Scottish Labour Market Trends [March 2018]

Fraser of Allander Institute, Scottish Centre for Employment Research (2018) Scottish Labour Market Trends [March 2018]. [Report]

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    Abstract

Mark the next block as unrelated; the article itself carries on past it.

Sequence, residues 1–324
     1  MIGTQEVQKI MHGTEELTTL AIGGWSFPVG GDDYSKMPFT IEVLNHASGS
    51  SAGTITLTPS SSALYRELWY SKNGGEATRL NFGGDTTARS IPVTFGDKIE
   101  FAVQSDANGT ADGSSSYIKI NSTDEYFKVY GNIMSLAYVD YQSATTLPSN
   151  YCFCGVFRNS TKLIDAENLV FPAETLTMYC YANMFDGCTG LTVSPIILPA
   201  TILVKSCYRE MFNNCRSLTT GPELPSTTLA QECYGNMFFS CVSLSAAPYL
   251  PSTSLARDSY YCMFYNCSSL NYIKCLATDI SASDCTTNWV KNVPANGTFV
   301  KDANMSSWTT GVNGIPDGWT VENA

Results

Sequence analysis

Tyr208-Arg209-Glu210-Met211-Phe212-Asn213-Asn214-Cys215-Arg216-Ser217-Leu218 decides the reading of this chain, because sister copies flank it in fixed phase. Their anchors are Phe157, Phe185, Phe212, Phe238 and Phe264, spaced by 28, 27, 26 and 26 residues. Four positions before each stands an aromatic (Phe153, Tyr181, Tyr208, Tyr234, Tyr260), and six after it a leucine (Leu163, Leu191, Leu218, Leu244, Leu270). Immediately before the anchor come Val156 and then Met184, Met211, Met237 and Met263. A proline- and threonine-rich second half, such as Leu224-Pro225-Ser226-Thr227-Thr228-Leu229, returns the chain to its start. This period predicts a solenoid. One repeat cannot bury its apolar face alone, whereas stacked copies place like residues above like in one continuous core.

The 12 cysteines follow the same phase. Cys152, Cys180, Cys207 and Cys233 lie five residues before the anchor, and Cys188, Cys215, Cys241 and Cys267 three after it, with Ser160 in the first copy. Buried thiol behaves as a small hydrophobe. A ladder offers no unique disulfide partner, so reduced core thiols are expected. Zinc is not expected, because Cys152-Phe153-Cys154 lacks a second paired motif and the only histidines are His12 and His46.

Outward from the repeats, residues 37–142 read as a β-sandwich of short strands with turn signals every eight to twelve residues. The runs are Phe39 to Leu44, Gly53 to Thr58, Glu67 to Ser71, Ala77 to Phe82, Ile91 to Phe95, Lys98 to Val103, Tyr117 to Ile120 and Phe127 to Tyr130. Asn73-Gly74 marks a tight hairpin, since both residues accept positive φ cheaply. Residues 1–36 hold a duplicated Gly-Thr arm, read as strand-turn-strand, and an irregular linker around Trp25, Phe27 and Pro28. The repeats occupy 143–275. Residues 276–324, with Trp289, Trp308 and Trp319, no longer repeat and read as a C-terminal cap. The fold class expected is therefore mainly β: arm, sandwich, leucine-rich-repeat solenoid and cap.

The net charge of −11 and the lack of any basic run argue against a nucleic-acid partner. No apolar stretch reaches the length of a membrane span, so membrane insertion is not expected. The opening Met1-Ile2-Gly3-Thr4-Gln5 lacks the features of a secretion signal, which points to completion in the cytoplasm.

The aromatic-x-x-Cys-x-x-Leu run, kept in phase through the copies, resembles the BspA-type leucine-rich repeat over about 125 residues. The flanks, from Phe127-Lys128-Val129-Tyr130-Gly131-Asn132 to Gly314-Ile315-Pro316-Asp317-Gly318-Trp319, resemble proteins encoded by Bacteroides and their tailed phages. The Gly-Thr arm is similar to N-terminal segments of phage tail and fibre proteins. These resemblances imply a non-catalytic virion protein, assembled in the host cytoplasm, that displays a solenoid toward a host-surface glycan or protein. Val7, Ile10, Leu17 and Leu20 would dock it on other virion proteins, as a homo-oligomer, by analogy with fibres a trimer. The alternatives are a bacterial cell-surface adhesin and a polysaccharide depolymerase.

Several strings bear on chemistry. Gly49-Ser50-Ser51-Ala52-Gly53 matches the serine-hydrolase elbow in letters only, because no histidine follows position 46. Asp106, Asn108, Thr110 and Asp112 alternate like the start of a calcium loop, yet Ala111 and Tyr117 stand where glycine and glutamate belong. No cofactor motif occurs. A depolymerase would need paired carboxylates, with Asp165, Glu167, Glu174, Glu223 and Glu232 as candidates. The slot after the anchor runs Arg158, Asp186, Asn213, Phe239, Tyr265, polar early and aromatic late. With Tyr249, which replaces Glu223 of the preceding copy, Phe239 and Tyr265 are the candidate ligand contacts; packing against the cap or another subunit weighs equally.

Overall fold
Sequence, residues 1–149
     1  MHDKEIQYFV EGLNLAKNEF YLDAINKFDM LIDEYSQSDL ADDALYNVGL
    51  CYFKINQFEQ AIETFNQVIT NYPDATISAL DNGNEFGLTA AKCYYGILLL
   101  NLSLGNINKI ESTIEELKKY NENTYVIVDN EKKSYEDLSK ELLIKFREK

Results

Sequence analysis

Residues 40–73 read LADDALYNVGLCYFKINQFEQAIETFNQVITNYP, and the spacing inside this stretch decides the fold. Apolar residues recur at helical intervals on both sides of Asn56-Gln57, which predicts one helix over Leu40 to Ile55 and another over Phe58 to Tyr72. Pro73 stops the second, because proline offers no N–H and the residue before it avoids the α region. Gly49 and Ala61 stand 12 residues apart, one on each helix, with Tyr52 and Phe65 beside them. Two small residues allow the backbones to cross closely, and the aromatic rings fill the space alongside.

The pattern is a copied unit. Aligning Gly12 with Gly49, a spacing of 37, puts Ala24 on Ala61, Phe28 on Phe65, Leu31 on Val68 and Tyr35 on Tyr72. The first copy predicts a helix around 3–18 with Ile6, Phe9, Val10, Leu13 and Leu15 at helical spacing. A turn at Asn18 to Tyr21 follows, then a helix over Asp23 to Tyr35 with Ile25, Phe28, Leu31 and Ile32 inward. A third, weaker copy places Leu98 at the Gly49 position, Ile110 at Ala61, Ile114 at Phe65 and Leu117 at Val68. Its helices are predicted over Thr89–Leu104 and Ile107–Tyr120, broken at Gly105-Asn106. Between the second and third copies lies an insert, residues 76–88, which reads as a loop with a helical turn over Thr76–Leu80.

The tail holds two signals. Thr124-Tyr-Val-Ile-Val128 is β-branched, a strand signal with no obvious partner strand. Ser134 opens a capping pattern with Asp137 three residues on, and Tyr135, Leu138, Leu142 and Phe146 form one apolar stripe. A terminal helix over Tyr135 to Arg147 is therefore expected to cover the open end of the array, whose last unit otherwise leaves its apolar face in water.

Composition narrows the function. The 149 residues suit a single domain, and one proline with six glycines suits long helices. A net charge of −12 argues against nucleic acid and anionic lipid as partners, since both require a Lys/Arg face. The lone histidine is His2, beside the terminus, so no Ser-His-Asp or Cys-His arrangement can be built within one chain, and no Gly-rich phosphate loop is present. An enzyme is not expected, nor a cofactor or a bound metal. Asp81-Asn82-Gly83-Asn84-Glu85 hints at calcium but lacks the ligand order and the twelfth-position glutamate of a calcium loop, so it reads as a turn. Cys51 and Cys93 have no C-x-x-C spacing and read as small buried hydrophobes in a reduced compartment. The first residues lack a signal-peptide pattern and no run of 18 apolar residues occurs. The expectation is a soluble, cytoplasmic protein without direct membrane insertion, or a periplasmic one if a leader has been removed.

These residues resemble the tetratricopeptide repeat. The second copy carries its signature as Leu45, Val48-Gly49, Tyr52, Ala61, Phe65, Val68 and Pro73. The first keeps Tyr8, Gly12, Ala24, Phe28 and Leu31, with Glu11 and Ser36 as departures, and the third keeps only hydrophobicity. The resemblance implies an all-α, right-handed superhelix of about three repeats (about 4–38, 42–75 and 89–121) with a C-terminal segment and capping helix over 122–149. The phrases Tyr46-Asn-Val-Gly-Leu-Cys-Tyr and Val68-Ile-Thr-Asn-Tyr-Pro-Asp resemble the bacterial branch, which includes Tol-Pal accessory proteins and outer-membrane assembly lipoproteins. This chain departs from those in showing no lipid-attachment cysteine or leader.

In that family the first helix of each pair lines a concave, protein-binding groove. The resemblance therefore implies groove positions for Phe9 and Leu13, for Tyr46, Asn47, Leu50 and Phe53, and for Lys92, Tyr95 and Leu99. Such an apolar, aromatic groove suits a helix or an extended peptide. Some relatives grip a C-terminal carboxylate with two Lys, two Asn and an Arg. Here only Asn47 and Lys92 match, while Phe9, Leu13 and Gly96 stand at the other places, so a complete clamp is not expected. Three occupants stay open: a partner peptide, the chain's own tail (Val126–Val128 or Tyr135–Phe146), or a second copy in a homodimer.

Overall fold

Over the past couple of years Scotland’s labour market has performed much better than the data for economic growth might suggest. Unemployment remains relatively low by historical standards and there are 10,000 fewer people unemployed in Scotland than this time last year. Nevertheless, the labour market data released last month show something of a fall-back in Scotland’s labour market performance over the final 3 months of 2017. Employment fell by 20,000 whilst unemployment rose by 14,000. The fall in Scotland’s employment rate over the quarter contrasts with the UK as a whole where employment rose. It is possible that these data represent the first indication that weak economic growth in Scotland is beginning to feed through to the labour market. But given the volatility in the Scottish series, it is too early to tell whether this increase in unemployment is a one-off or the beginning of a trend. The data over the coming months will tell us more about the direction of travel. The big challenge to the Scottish economy remains weak productivity. The latest data for Scotland released last month provide no sign of improvements in productivity growth. In a recent blog we showed that Scotland’s relatively better productivity performance than the UK in recent years – despite weaker economic growth in Scotland – was the consequence of relatively weaker growth in the number of jobs and hours worked than the UK as a whole. With weak economic growth and a relatively robust labour market, Scotland’s productivity growth is on track to remain relatively sluggish. Of course, Scotland is not alone in suffering from poor productivity growth. It is a challenge facing the UK and many other advanced economies. Brexit aside, boosting productivity is the single most critical economic challenge facing policymakers in Scotland and in the UK. Without faster productivity growth, wages are likely to continue to be squeezed. Later in this report, in an article by Stuart McIntyre, some of the key metrics on productivity growth are reviewed for Scotland, as well as some for the UK as a whole. The aim is to illustrate ‘what we know’, as a means to illustrate what we need to know more about. A number of underlying causes of productivity weakness have been suggested. While some of these have been well rehearsed, this article provides a brief overview of the key elements of these arguments.